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Primacy effect (in the order of presentation)



 In general, when a series of information is presented on a given topic (say, a list of trait words or product attributes), the first information given will have more weight in the overall attitude or impression developed about the topic (Anderson, 1965). The results have been less clear when two opposing messages on the same topic are presented in sequence. In an experiment varying the order of presentation of pro and con messages on the topic of protective tariffs, Lund (1925) found evidence for a “law of primacy,” in which the first message given had disproportionate impact on final attitudes. However, subsequent research has sometimes found evidence for a primacy effect, a recency effect, or no effect at all (see reviews by Lana, 1964; Rosnow, 1966). Two sets of research have begun to clarify the conditions under which a primacy or recency effect will be obtained. First, Miller and Campbell (1959) found a recency effect when the presentation of the two messages were separated by a

week and opinions were assessed immediately after the presentation of the second message. A primacy

effect was obtained at longer measurement delays. Pratkanis, Greenwald, Leippe, and Baumgardner (1988) used this principle of “differential decay of impact” to specify the conditions under which a sleeper effect (delayed increase in the impact of a message) would obtain. Second, Haugtvedt and Wegener (1994) have an attitude strength model of the primacy effect; primacy effects will obtain when the first message produces a strong attitude. In two experiments, Haughtvedt and Wegener found that primacy effects occurred under conditions when the message was of high personal relevance (inducing message elaboration resulting in a strong attitude on the first message) and that recency effects occur when message relevance is low.

 

Forewarning of persuasive intent

 In this chapter, I have presented a number of ways to increase compliance and influence. This tactic and the next three tactics are designed to decrease the impact of an influence attempt. Forewarning of persuasive intent means providing the target of an influence attempt with a warning that what will happen next is designed to persuade. Such an appeal can be effective in increasing resistance to influence (but not always; for reviews see Cialdini & Petty, 1979; Sagarin & Wood, this volume; Wood & Quinn, 2003). For example, Milgram and Sabini (1978) asked subway riders in New York City for their seat and found that over 68% of the rider would yield their seat. However, if these subway riders overheard a conversation warning them that they were about to be asked to give up their seats, only 36.5% of the riders gave up their seat. There are two factors that limit the effectiveness of forewarning for increasing influence resistance. First, the forewarning should induce the target to prepare to counterargue the persuasive appeal; without such preparation, forewarning does not increase resistance. As such forewarning is most effective in increasing resistance when the topic is involving, the target has time to marshal defenses and is motivated to counterargue a discepant message. Second, a forewarning can result in attitudinal politics – moderating one’s position to a neutral stance or mid-point of a scale when faced with having to discuss the issue with another person (Cialdini, Levy, Herman, & Evenbeck, 1973).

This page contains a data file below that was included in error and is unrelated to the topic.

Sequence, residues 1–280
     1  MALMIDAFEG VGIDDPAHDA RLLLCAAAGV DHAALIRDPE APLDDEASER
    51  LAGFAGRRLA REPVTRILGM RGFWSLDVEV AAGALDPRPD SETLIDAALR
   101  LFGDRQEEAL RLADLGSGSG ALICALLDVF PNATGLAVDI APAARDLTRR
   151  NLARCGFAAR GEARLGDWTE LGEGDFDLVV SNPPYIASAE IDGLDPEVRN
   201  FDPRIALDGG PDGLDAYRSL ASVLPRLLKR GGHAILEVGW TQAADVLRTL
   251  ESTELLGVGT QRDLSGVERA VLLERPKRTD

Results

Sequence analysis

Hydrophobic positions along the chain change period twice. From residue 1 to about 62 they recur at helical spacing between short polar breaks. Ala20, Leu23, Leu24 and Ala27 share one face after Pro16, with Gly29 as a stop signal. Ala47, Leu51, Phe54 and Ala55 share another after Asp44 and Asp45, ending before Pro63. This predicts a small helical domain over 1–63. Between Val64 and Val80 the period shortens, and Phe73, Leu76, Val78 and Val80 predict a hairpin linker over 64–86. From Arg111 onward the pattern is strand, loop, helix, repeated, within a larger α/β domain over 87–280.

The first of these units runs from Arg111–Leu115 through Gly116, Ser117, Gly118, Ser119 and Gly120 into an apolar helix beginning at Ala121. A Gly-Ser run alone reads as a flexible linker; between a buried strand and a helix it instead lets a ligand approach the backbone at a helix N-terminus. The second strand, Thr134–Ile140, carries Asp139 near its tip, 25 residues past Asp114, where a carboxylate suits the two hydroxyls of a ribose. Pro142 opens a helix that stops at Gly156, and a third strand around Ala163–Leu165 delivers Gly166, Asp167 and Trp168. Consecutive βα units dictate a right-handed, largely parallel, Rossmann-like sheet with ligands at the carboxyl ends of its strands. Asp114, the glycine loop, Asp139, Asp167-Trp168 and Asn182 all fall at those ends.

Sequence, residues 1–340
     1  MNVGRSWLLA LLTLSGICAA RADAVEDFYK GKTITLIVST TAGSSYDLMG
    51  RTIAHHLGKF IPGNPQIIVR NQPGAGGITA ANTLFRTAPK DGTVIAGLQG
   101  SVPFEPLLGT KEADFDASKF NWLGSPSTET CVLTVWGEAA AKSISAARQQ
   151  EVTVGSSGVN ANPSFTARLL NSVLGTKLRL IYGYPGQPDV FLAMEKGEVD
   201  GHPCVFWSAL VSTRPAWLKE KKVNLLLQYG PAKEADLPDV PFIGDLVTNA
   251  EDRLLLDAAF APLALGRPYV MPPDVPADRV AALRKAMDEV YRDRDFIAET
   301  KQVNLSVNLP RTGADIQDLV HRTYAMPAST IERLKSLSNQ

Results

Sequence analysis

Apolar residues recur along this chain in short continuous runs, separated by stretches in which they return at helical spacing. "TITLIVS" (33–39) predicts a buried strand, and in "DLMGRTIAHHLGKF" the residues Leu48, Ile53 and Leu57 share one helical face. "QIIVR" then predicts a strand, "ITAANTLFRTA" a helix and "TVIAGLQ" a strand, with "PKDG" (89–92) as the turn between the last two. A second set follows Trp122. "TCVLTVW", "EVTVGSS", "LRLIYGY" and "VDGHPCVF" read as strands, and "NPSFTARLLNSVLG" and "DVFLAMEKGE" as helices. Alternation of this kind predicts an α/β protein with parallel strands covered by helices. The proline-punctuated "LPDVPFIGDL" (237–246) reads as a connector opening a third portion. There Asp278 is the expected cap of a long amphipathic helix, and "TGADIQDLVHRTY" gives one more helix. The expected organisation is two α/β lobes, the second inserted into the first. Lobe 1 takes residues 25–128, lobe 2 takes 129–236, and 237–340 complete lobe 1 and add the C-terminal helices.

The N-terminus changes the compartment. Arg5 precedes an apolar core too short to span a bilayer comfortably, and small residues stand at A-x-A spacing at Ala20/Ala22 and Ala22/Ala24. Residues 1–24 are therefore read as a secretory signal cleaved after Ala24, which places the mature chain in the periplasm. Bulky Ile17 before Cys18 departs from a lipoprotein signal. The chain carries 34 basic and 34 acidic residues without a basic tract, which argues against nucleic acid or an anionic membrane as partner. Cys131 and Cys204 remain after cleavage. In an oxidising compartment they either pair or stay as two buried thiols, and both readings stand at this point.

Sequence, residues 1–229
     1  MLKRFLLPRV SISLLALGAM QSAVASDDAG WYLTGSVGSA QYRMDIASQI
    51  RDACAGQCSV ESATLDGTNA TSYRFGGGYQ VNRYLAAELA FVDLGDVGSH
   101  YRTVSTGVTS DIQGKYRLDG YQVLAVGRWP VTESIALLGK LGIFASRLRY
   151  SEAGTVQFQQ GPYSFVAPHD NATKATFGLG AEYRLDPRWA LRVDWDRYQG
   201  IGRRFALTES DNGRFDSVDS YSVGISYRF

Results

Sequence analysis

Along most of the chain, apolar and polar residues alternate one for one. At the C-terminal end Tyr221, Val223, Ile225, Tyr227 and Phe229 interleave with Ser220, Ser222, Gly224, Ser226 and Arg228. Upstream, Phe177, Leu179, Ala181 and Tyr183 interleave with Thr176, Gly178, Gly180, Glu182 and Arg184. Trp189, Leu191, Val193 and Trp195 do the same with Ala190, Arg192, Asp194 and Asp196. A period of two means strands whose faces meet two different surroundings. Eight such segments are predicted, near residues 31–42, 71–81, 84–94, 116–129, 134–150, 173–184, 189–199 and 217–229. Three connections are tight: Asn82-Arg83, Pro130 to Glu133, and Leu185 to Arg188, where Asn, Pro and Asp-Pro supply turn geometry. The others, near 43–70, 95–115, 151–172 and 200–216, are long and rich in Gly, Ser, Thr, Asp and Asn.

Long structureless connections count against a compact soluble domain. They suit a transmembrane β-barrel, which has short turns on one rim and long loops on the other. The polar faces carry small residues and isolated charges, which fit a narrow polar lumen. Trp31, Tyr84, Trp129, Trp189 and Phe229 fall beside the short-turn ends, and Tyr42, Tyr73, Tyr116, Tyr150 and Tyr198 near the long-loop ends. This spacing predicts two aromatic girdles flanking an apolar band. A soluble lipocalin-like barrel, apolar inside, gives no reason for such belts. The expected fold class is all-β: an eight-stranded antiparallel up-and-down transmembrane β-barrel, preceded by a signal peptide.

Inoculation

 Another tactic for preventing persuasion is inoculation - a target receives a brief, opposing message that can be easily refuted and thus immunizes against a subsequent attack. This technique was pioneered by McGuire (1964) in a series of research investigations. In these experiments, McGuire

created effective messages capable of changing attitudes about various cultural truisms (e.g., one should brush after every meal and get a routine chest x-ray). He then developed effective inoculation messages in which he taught possible responses (counterarguments) to these attack messages, with the result that the target of the communication could resist a latter, stronger influence attempt (see An & Pfau, 2004 for a recent application to political communications).

 

Stealing thunder

Another tactic for mitigating or reducing the impact of an opponent’s persuasive message is the technique of stealing thunder or revealing potentially damaging information before it can be stated by an opponent. The effectiveness of this tactic was demonstrated in two experiments by Williams,

Bourgeois, and Croyle (1993). In these experiments, mock jurors received trial transcripts in which negative information was presented by the opposing side about the defendant (Experiment 1) or a witness (Experiment 2). This information had strong, negative effects on the target. However, for some of the mock jurors the “thunder was stolen” by having the negative information presented by the defendant’s attorney or the witness himself (before it was given by the opposing side). In such cases, the negative effects of the information was mitigated (Experiment 1) and eliminated (Experiment 2; for a summary of stealing thunder research see Williams & Dolnik, 2001).

 







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